Chewy falafel burgers

June 14, 2008 at 5:53 pm (Beans, B_minus, My brain, Quick weeknight recipe)


I had mixed feelings about the chickpea burgers I tried a while back, but I really liked the idea of using gluten flour in a veggie or bean burger to add a chewy texture. This is my attempt to create a burger recipe that’s a little less bland boca and a little more vibrant veggie.  It’s basically a combination of Isa’s chickpea cutlet recipe and the cook’s illustrated falafel recipe.

  • 4 cloves garlic
  • 1.75 cups cooked chickpeas, from one can
  • 2 tablespoons soy sauce
  • 1/2 cup packed parsley
  • 1/2 cup packed cilantro
  • 1/2 tsp. ground cumin
  • 1/4 tsp. ground cinnamon
  • 2 tablespoons olive oil
  • 2/3 cup vital wheat gluten
  • 3/4 cup matzoh meal
  • 3 scallions, chopped coarsely
  • 1/2 cup vegetable broth or water
  • olive oil for pan frying
INSTRUCTIONS
  1. In the bowl of a food processor, briefly process the garlic.  Add the chickpeas, soy sauce, parsley, salt cilantro, cumin, cinnamon, and olive oil, and pulse a few times, until the mixture is thick and chunky, but there are no whole chickpeas remaining.  The mixture should be substantially thicker and lumpier than hummus.
  2. Move the chickpea mixture to a mixing bowl, and add the matzoh meal, wheat gluten, scallions, and liquid.  Mix with your hands until all the meal and gluten are incorporated. Knead the mixture for about 3 minutes, until strings of gluten have formed.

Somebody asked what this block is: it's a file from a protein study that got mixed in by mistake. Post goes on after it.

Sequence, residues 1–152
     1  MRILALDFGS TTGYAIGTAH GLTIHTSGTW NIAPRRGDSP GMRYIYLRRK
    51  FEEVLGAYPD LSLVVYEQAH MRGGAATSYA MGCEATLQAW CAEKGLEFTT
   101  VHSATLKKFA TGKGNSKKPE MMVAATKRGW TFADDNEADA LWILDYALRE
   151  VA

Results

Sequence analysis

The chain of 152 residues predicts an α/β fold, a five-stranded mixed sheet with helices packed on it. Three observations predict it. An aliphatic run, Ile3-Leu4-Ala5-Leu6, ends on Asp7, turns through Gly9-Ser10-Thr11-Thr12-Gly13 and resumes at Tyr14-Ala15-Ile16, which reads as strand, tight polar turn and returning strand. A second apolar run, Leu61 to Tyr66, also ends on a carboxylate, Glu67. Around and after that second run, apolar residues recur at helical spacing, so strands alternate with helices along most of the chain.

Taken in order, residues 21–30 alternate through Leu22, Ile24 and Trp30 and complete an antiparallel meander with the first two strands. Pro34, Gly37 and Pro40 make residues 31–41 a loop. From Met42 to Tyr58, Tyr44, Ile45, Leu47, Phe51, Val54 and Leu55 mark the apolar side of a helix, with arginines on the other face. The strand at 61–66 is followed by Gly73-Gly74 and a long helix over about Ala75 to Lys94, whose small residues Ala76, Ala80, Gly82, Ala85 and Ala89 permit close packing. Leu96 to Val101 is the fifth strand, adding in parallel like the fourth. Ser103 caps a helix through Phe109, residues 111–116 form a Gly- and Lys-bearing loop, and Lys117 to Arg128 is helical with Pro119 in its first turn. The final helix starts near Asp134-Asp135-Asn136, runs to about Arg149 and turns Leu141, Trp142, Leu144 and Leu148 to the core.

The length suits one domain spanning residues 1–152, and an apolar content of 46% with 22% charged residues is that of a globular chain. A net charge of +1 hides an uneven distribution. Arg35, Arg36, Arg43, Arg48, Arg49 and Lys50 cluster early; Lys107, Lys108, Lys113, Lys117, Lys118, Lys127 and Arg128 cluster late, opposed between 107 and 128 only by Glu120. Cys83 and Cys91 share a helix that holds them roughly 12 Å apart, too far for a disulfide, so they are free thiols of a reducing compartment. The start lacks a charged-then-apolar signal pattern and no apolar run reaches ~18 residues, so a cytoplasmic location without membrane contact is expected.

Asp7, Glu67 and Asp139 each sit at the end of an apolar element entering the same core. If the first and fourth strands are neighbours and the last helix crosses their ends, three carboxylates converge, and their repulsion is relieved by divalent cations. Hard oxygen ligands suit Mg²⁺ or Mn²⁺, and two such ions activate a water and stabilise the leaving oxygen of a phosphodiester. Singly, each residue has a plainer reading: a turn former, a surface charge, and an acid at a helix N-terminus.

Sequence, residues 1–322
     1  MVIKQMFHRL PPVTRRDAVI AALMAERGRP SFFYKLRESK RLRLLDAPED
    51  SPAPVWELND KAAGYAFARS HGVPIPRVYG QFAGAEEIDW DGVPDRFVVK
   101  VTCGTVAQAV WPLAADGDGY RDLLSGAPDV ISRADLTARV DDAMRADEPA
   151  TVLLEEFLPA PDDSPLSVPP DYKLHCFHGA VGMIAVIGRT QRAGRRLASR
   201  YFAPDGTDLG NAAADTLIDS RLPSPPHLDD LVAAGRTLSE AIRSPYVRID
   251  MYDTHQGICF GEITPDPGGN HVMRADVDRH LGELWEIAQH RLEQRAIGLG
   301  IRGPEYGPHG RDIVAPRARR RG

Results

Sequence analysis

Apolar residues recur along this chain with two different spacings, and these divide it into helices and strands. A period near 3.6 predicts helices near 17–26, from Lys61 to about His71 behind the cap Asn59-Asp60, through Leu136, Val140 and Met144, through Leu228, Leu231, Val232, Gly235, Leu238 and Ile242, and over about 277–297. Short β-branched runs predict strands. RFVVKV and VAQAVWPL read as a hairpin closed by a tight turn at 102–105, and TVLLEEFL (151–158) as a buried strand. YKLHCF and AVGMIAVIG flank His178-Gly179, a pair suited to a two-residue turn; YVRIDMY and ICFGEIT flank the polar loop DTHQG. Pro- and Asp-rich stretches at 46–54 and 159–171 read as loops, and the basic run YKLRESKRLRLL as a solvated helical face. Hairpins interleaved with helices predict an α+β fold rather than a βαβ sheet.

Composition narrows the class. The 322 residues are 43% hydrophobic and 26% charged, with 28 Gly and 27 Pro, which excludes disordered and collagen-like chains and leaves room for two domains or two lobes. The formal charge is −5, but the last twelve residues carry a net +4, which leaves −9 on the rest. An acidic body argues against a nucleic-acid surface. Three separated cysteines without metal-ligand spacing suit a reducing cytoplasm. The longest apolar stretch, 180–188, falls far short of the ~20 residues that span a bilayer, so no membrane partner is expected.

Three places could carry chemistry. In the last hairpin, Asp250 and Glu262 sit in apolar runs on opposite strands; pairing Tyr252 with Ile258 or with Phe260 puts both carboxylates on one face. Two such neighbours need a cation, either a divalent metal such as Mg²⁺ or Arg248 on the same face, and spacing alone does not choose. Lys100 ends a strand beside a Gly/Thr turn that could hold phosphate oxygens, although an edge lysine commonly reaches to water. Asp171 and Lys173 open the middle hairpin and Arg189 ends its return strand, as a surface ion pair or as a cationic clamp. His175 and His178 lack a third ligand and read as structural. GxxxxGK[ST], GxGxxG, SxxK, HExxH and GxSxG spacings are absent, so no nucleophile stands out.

3. Preheat a large heavy-bottomed nonstick or cast iron skillet over medium heat. Meanwhile, divide the  dough into 8 equal pieces, and form a thin patty out of each piece, the thinner the better.
  4. Add a moderately thin layer of olive oil to the bottom of the pan. Place the cutlets in the pan and cook on each side for 6 to 7 minutes. Add more oil, if needed, when you flip the cutlets. They’re ready when lightly browned and firm to the touch.

My Notes:

Unfortunately, my experiment was not a success, with regards to either texture or flavor.  When I shaped the patties the texture felt right–not as springy as last time, but they definitely held together well.   They browned up nicely in my cast iron skillet, but the inside was soft and doughy, almost unchanged from the raw dough.  I think making the patties thinner would help with this. I also would bump the gluten up to 3/4 cup.  After the patties cooled off the inner texture firmed up, and they seemed more cooked and cohesive.  They weren’t bad dipped in ketchup.

Despite my efforts, these patties were very bland!  The only seasoning I really could taste was the cinnamon, which Cook’s Illustrated calls for but I don’t recall having a presence in normal falafel. The number one problem: I clearly did not add enough salt.  I think the recipe needs another 1/2 tsp. or more of salt.  I couldn’t really taste the cumin, cilantro, or parsley, although I could definitely see the bright green herbs.  Maybe more salt would have brought out these flavors, but certainly the patties tasted nothing like falafel.  I can try again, doubling all the seasonings, but I’m not sure that will turn these from bland burgers to falafel taste-alikes. Another problem was that the patties were missing any hint of hot, which I somehow didn’t notice when putting together the recipe.  I went back and checked the Cook’s Illustrated falafel recipe and it calls for black pepper, but I think I’d prefer something with even more zing, maybe jalepeno or cayenne.

Rating: B-

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2 Comments

  1. Tofu Mom said,

    Wow, reading the recipe at first, I thought these burgers sounded terriffic! Now you’ve intrigued me and I’m gonna have to experiment myself a little….

  2. captious said,

    If you have more success, please let me know Tofu Mom! I really want to figure out how to make a yummy falafel burger 🙂

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